Prescott school board accepts offer for 3 properties

Staff wave and say goodbye to students on the last day of school at Miller Valley School in Prescott in May 2015.

Photo by Les Stukenberg.

Staff wave and say goodbye to students on the last day of school at Miller Valley School in Prescott in May 2015.

PRESCOTT – The Prescott Unified School District Governing Board voted unanimously Tuesday night, Sept. 6, to sell three of the district’s buildings to a Phoenix real estate developer for the appraised offer.

The sale price will remain confidential until inspections and the contract become final in February 2017.

The board met in a closed-door session prior to casting four votes in favor of accepting the negotiated contracts for the sale of the vacant Miller Valley Elementary School, the current Northpoint Expeditionary Learning Academy charter school and the downtown district offices to Ironline Partners in Phoenix. Board member Tina Seeley was absent.

The sale is contingent on a final agreement to be negotiated with Northpoint for the lease of that property. The deal also includes allowing the district administration to remain in its offices for at least nine months.

Superintendent Joe Howard said the administrative offices may move to the former Washington Traditional School.

With this vote, Ironline Partners will begin a 120-day inspection process. If that meets the buyers’ approval, a final closing will be set for on or about Feb. 6. Based on advice of attorneys, the selling price for what will most certainly be a multi-million dollar deal will not be revealed until the deal is signed, sealed and delivered.

“We feel good about where we’re at right now,” Board President Scott Hicks said after the meeting.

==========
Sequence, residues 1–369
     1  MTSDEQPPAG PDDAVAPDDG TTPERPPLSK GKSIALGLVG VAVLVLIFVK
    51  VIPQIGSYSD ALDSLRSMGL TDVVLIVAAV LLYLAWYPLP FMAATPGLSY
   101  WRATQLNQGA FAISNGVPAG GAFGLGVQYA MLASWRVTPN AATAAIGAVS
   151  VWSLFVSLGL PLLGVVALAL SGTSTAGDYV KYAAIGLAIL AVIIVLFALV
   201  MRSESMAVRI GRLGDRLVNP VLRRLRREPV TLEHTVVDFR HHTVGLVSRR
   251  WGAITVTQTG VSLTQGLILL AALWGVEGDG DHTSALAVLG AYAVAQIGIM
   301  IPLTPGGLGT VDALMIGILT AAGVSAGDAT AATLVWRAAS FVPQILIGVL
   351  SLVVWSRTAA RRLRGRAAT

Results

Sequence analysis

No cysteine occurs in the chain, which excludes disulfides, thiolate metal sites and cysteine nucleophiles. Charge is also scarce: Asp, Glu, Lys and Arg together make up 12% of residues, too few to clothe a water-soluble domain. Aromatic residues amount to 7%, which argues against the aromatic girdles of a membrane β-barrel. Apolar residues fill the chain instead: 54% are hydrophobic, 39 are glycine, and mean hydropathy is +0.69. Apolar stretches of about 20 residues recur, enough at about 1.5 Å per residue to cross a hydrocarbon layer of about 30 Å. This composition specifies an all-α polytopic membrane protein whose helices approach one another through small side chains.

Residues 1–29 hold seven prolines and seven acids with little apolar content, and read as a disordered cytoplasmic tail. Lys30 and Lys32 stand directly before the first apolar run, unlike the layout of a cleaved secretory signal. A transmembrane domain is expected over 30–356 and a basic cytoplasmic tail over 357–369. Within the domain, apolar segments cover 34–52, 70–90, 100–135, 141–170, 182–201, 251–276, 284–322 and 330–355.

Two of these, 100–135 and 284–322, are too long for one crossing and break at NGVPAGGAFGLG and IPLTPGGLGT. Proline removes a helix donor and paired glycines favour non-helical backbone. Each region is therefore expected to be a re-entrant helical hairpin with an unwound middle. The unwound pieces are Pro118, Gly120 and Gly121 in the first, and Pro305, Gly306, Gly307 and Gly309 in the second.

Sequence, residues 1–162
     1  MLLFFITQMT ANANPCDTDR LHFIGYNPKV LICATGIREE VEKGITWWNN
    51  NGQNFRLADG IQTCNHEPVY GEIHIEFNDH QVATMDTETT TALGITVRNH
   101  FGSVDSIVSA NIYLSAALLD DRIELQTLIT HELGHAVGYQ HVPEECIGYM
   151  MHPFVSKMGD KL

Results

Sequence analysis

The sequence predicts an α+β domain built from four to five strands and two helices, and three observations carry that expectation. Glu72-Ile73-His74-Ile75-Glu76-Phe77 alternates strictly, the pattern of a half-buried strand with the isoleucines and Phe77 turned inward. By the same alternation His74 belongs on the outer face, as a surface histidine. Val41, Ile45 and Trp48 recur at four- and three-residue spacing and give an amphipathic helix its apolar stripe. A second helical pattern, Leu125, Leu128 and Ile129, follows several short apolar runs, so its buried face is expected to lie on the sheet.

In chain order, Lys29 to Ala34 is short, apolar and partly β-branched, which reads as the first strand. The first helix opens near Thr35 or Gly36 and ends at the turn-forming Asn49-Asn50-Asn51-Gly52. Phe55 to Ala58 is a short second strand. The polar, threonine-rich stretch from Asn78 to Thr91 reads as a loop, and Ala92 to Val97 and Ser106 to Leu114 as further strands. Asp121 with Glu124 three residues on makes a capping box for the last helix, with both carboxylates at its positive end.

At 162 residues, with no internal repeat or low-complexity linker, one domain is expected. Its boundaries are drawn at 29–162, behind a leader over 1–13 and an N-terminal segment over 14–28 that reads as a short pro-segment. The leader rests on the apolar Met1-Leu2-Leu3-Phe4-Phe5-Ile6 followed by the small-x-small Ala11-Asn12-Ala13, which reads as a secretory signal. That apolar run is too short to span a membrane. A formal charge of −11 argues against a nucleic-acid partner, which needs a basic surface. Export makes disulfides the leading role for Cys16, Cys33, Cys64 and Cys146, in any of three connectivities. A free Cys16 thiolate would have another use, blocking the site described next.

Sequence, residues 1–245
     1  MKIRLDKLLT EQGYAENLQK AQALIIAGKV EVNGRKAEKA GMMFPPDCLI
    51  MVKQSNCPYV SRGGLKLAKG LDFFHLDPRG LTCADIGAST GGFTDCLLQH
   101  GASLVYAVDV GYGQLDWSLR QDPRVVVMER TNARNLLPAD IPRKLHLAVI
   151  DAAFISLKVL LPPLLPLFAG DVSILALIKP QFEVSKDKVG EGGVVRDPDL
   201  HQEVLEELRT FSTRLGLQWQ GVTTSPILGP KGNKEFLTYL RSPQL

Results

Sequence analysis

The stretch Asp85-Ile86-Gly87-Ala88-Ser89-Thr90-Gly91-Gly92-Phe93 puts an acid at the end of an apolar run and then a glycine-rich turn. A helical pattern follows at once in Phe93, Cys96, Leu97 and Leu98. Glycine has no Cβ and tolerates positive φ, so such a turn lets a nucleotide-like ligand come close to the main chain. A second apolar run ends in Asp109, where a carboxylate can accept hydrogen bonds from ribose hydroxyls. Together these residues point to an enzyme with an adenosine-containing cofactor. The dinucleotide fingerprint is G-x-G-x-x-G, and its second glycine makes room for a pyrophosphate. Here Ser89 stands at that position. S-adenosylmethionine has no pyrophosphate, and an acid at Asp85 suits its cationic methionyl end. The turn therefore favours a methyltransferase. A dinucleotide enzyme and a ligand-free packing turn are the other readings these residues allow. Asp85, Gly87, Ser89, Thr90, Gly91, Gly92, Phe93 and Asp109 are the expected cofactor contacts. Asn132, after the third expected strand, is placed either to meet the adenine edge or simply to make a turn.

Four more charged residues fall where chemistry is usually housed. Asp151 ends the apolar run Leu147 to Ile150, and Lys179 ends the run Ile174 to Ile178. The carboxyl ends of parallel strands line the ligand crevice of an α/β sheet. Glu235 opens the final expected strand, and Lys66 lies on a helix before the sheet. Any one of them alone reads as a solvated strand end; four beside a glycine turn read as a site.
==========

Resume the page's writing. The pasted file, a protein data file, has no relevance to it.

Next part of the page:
The board is confident the developers are aware of the emotional and historical significance of some of these buildings, particularly the former Miller Valley school that sits on Iron Springs Road diagonally across from Yavapai Regional Medical Center’s west campus, Hicks said, adding there has been some talk of retaining the façade of the original school.

This sale obviously comes with some bittersweet feelings, but Howard said he believes the board has taken the right action to benefit the district and taxpayers.

“Those five people have made such incredible decisions over the last five years. I have 100 percent faith in their decision-making skills,” he said. “Exciting times. Change is hard, but it’s healthy.”

The district’s Real Estate Broker JT Purvis of Certified Properties of Northern Arizona said he sees this as a “good investment for the school district.”

“It’s a win-win for everybody involved,” said Purvis, who with his partner Donald Teel brokered the deal. “There is a lot of sentimentality and we understand that, and so do our developers.

Ironline Founding Partner and Chief Executive Officer Bob Karber agreed that the board’s vote is a major step forward. Any development plans will be thoughtfully considered, and will require the blessings of city leaders through the standard land use processes, he said.

“We’re super excited,” said Karber, who with his partners also own the former Jack In The Box property on East Gurley Street. “We’re thrilled for the opportunity.”

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